The Five-Elements

Examining the Calendar Science in age-old China, the Five-Elements were adjusted for the strength and weaknesses in the course of the four seasons. For example, fire is stronger during the summer and wood is strongest in springtime, and so on. The traits of each element, their strength, and affinity with other elements are cardinal and pivotal in Chinese Astrology and Horoscope forecasting.

5 Elements of Chinese Astrology PracticeDuring antediluvian courting practices in China, couples were joined together depending on the compatibility of their animal sign. For instance, according to Chinese Astrology a rat and horse will not get along; however, a rat and Dragon together is a superb union.

Even today millions of Chinese people utilize Chinese Astrology. Many base their relationships on the characteristics of each animal sign. For example, it’s not unusual for someone to search for a mate or friendships depending on the compatibility of the person’s sign with their own. They also look to the Chinese Zodiac for advice on how to live their lives. The Chinese Zodiac enacts a profound influential role in the culture and communities of China.

Colours are also affiliated with the elements. Black/water, white/metal, brown/earth, red/fire, and green/wood. You may find some sites identify the years by colour and astrological sign rather than the animal sign and element.

Chinese Animal Signs and Their Characteristics

Chinese Animal Sign: Rat

Element: Water

Compatible With : Monkey and Dragon

Aspects: easygoing, clever, creative, alluring, affable

Chinese Animal Sign: Ox

Element: Earth

Compatible With : Rooster and Snake

Aspects: devoted, dependable, precise, sensible, resolute/stubborn, decisive

Chinese Animal Sign: Tiger

Element: Wood

Compatible With : Dog and Horse

Aspects: lively, gallant, driven, confidant, charismatic, leader

Chinese Animal Sign: Rabbit

Element: Wood

Compatible With : Pig (Boar) and Sheep (Goat)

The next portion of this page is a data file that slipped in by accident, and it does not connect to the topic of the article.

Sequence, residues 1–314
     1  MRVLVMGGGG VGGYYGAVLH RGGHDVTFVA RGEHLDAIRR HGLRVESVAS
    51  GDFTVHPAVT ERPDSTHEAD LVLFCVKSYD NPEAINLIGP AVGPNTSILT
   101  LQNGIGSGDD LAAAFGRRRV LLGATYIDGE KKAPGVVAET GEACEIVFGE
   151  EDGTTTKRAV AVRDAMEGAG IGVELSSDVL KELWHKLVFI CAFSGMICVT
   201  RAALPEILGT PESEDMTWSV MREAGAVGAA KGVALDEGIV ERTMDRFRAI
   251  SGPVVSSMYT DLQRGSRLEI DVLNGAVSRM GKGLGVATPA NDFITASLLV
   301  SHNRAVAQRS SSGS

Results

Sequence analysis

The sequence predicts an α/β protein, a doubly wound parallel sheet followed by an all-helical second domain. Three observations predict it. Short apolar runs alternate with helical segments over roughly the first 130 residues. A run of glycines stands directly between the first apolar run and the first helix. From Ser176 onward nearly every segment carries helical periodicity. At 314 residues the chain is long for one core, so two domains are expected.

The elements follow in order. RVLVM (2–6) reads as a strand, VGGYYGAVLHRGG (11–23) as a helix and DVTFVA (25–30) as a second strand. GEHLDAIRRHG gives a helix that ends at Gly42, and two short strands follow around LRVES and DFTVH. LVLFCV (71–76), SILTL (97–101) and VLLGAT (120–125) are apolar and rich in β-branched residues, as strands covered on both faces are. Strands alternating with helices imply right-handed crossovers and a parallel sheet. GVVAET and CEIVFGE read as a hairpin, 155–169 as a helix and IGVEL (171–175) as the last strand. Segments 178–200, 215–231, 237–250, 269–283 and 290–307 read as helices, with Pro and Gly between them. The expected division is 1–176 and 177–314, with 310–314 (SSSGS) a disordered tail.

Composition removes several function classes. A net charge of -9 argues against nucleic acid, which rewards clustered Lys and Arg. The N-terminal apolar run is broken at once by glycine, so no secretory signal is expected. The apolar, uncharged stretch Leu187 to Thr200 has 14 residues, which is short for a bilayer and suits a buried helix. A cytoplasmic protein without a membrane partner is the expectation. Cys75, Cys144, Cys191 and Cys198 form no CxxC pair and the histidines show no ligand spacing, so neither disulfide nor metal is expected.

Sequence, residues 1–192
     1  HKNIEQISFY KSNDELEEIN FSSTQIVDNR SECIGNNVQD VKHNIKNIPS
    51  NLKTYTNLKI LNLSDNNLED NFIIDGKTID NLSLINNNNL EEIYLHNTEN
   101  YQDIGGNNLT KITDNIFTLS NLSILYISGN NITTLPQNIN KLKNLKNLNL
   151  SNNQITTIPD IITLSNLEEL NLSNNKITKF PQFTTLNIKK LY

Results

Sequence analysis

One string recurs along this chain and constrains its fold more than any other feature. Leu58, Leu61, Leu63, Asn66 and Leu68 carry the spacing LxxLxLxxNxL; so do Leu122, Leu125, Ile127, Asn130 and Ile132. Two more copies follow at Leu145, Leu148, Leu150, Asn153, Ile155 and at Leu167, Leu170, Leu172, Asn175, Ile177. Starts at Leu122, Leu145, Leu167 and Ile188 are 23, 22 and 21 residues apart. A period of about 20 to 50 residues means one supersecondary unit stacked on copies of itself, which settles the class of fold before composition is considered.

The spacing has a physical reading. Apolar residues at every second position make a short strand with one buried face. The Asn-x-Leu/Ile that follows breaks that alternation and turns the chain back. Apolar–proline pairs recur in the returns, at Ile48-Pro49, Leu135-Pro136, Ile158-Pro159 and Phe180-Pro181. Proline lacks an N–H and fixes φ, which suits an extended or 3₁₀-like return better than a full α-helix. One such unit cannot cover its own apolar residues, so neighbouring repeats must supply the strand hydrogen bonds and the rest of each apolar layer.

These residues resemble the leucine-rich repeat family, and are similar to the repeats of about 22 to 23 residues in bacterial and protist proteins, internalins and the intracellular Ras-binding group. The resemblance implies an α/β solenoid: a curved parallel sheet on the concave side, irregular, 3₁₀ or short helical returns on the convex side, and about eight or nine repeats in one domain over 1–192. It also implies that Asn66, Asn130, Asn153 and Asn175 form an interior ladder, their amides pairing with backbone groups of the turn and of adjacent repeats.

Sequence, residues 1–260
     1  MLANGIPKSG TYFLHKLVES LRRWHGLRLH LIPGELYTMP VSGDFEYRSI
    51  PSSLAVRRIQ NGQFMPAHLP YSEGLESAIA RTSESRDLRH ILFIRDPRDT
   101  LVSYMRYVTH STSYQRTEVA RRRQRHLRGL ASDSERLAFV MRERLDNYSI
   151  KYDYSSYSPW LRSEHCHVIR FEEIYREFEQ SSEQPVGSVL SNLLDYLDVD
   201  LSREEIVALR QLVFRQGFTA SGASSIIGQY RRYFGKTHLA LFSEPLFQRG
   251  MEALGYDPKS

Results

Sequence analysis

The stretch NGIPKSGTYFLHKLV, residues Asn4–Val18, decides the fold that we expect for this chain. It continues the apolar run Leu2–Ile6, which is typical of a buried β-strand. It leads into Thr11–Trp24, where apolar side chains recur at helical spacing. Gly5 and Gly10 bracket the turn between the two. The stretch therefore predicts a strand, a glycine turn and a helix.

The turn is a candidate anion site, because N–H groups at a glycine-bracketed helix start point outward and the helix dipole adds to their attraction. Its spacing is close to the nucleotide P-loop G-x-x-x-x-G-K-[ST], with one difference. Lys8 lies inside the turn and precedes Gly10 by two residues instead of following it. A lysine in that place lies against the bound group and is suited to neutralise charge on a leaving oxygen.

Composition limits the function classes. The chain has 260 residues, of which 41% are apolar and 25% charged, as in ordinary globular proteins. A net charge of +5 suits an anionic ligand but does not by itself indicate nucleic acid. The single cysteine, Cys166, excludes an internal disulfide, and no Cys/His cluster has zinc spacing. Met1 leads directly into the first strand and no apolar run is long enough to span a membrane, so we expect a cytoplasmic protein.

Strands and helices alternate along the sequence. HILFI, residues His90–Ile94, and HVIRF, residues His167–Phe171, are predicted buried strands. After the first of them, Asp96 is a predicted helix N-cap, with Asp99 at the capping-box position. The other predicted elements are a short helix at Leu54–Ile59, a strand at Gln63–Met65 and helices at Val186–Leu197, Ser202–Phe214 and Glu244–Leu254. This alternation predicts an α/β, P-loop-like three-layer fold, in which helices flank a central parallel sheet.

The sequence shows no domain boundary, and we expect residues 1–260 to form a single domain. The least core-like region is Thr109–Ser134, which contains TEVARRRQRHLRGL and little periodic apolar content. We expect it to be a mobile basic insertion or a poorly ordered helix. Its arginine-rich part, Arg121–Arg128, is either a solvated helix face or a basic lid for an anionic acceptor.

Aspects: honest, understanding, humble, gracious, caring, genuine

Chinese Animal Sign: Dragon

Element: Earth

Compatible With : Monkey and Rabbit

Aspect: adaptable, fortunate, individual, creative, metaphysical, attractive

Chinese Animal Sign: Snake

Element: Fire

Compatible With : Ox (Buffalo) and Rooster

Aspects: thinker, tidy, intelligent, sophisticated, perceptive, observant, deciding

Chinese Animal Sign: Horse

Element: Fire

Compatible With : Tiger and Dog

Aspects: leisurely, sincere, brave, driven, agile, venturesome, strong

Chinese Animal Sign: Goat (Sheep)

Element: Earth

Compatible With : Rabbit and Pig (Boar)

Aspects: refined, cunning, aesthetic, perceptive, charming, serene, sensitive, charming

Chinese Animal Sign: Monkey

Element: Metal

Compatible With : Rat and Dragon

Aspects: fortunate, easygoing, intelligent, flexible, spirited, adroit

Chinese Animal Sign: Rooster

Element: Metal

Compatible With : Ox (Buffalo)

Aspects: self-assured, clever, lively, trusting, adaptable, confident, sincere

Chinese Animal Sign: Dog

Element: Earth

Compatible With : Horse and Tiger

Aspects: friendly, dedicated, flexible, intelligent, attentive, gallant, courageous

Chinese Animal Sign: Pig (Boar)

Element: Water

Compatible With : Rabbit (Cat) and Sheep (Goat)

Aspects: driven, positive, honest, cordial, venerable, philanthropic

The Chinese Zodiac Influences Cultures Around the World

The Chinese Zodiac is utilized by cultures from around the world. For instance, you will find Chinese Zodiac symbols used on Japanese New Year’s cards. The U.S.P.S. (United States Postal Service) and a number of other nations allocate a stamp each year to pay homage to this great Chinese attribute. Thailand and Vietnam are also fond of this form of insight. Chinese Zodiac symbols are not only celebrated on postage stamps, they are also used for tattoos, interior decoration, flags, jewelry, and lots more!

This magnificent Chinese philosophy has altered many people’s view about life, and not on a superficial level. The Chinese Zodiac is complex and is not used merely as entertainment, but as an actual way of life tested against the sands of time for 1000s of years. The reading of a person’s zodiac animal depicts personality, characteristics, and compatibility. In addition, it presents a person’s possible fate. Nevertheless, nothing is predestined without the consent of an person’s will.

Through various means, a person may find their fortune or misfortune. Chinese Astrology is just one of those means that assists individuals along the way through this complex maze called life.

Start of cycle in 2017 – January 28, 2017 (Fire Rooster)

Wikipedia Oriental Astrological Overview